Second, sola Scriptura emphasizes the authoritative role of Scripture within the church. Contrary to what its name seems to imply, sola Scriptura was never intended to mean that Scripture is the only authority in the church or the lives of believers (77). Sola Scriptura is not solo scriptura (85). Rather, it answers a “very specific question” about that authority structure within the church (84). Because the Word is so intimately connected with the agency of the Son, its authority in God’s economy of grace is intimately connected to the authority of the head of the church. It is in this way that the church, its members and offices, are under the Word. The church, to put it another way, is a “creature of the word,” gathered as pupil by the Spirit who teaches Christ by the Word (86).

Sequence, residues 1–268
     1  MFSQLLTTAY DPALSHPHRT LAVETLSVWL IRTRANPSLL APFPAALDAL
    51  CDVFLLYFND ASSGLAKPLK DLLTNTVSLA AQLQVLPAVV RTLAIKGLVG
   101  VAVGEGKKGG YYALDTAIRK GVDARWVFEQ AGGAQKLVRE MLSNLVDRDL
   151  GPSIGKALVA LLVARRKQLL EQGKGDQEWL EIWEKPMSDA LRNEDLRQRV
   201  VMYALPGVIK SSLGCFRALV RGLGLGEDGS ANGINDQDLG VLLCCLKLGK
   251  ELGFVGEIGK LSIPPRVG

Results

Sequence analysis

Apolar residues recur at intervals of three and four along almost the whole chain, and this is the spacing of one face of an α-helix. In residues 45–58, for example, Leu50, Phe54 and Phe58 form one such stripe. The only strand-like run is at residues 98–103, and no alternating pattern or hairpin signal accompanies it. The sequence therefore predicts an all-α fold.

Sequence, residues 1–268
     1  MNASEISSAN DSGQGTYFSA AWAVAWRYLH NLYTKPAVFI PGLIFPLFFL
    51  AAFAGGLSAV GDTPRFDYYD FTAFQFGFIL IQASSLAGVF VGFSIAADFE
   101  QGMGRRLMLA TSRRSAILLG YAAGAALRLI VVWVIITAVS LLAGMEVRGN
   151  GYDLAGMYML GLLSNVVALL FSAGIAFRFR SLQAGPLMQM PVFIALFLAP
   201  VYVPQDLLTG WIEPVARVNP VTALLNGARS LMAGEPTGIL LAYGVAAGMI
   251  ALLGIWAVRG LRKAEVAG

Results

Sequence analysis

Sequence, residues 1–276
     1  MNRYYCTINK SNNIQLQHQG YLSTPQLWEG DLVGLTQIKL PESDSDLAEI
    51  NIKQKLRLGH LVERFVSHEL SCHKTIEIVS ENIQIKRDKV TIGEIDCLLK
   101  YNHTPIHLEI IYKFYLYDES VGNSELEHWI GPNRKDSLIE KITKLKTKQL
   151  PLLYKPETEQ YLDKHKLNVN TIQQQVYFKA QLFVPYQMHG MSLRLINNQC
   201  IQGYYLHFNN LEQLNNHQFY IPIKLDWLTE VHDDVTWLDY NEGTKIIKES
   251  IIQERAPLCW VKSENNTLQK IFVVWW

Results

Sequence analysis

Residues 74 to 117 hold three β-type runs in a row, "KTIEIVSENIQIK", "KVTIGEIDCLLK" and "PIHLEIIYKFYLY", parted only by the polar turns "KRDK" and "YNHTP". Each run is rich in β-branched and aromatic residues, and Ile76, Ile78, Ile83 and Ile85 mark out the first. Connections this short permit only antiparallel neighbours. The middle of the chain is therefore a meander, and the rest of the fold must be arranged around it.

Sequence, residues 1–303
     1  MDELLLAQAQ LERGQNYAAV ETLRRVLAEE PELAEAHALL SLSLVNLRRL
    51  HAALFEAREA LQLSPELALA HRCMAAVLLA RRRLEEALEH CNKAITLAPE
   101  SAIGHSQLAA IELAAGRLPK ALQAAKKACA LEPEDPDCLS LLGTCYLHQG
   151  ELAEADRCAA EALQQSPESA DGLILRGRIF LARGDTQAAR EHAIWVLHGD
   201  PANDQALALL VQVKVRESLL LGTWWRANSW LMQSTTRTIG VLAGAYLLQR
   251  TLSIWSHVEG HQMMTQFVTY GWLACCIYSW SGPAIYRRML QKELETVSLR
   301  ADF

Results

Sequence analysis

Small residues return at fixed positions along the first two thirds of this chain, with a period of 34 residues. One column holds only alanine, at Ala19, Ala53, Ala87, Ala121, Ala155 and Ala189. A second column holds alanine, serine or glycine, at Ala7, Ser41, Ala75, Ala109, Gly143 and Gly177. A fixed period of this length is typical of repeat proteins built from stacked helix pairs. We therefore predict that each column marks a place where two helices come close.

In order to demonstrate that the reformed doctrine of Scripture is not a capitulation to individualist, enlightenment rationalism, chapter four returns to the theme of biblical interpretation within the context of the church. Recall that chapter one began the discussion by affirming the Spirit’s mission to gather together a ‘school of Christ.’ Chapter four argues that “the church is that community created and authorized by the Word of God in order that it might obediently guard, discern, proclaim, and interpret the Word of God” (102). That is, “God has provided his church not only with a supreme standard for faith and life in Holy Scripture, he has also through Holy Scripture generated an authorized sphere of ecclesial reality that is charged to assist us in reading the Scriptures” (107).